I hate buying cars. As much as I really, really want that black, shiny sports car, the second I step foot into the dealership I’m on the defensive, darting my eyes back and forth in the hopes I don’t draw too much attention to myself.
Oh god. I plead. Just let me have a few more minutes to browse before you descend upon me, ready to pounce at a sale, pulling me into your office and overwhelming me with your today-only financing option, cheap coffee and hidden fees.
I’m so distrustful of car salespeople that I spend hours ahead of time researching and pricing out the car I am considering. It’s not just my well-known control freak ways, I know you do it too.
So I have to ask. Where is the disconnect between that beautifully filmed video, the one where I imagine myself driving down the coast with the sunroof open, hair blowing in the wind with George Clooney seated beside me—and—sitting in this stark white, shared office with a person who I’m absolutely convinced is trying to work a deal in their own favour?
It’s not the shiny black car that I’m doubtful about, it’s the experience. I’ve walked in expecting what they promised in their ads, a premium product. They’ve delivered a mediocre, if not downright intimidating, customer experience.
That disconnect comes one hundred percent from a lack of authenticity.
The experience their sales team is offering is not equivalent to the product. They made me a brand promise about how good I’d feel when I sit in the drivers seat, but they didn’t extend that promise to how I would feel sitting in the finance office. They broke my trust.
For those of us with local businesses who don’t have a zillion dollar pre-sale marketing budget, being authentic can make or break your company.
Being authentic gains consumer trust, and that trust is hella valuable. It means that not only will customers feel comfortable buying from you, but they will feel comfortable continuing to buy from you, and the extra bonus—they’ll feel comfortable telling others to come buy from you, too.
I’m going to condense it here into two of the primary ways you can build authenticity into your company.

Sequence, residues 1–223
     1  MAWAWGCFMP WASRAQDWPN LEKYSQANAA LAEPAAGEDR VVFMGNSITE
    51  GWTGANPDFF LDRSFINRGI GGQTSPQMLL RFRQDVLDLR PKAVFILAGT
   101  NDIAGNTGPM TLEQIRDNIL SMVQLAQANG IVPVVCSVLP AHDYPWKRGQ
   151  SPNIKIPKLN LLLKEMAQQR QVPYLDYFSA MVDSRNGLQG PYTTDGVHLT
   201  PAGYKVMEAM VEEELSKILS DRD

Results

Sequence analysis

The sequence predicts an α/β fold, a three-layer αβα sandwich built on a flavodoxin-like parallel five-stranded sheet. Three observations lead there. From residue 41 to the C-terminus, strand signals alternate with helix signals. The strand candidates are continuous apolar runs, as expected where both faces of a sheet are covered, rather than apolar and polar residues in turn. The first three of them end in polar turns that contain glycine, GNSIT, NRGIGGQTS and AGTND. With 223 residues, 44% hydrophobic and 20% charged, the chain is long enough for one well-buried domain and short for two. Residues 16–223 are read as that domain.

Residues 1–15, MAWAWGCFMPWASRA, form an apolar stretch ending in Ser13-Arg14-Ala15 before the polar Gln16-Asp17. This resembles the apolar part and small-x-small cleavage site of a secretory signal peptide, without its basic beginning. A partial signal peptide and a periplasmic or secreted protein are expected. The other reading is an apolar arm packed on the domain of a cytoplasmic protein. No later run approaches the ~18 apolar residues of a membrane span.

1. Define your core values.
Ah yes, core values. I’ve written about this subject often. But core values aren’t just a whimsical idea, they are goalposts that are extremely important to a business.
Core values are what define you. In our company they are so important that we use them as a guidebook for the type of employee and client that we want to work with.
What are your values? What do you believe in? What are some issues that you absolutely will not compromise on? Start small, writing one or two things, and then expand on them.
Not only do consumers want to align themselves with businesses that share their values, but employees do too. Having core values, and most importantly, sticking to those core values in all situations is key to building your authentic company.
2. Embrace wabi sabi.
Wabi sabi is a Japanese principle. In essence it means the acceptance of imperfection. Be still my perfectly imperfect heart. Wabi sabi, to break it down into the most basic of terms, means just be freaking human.
That’s right, being authentic comes down to just being imperfect and flawed. Not afraid to be who you are, even if who you are doesn’t fit into traditional beliefs.
I’m not saying to go out and be intentionally weird (but if you do, I mean, own it), but, what I’m saying is that trying to fit into the traditional business model of what all the the other businesses in your industry are doing isn’t authentic in any way. Consumers today want someone who is real. People identify with real.
So there you go, my full permission to be wabi sabi. You’re welcome.
Authenticity isn’t something you do only some of the time, it needs to be the lifeblood of your business, every single corner of it.
There are lots of shiny black sports cars, but the one I’ll be loyal to (well, unless it actually comes with George Clooney)— is the one that’s authentic, from start to finish.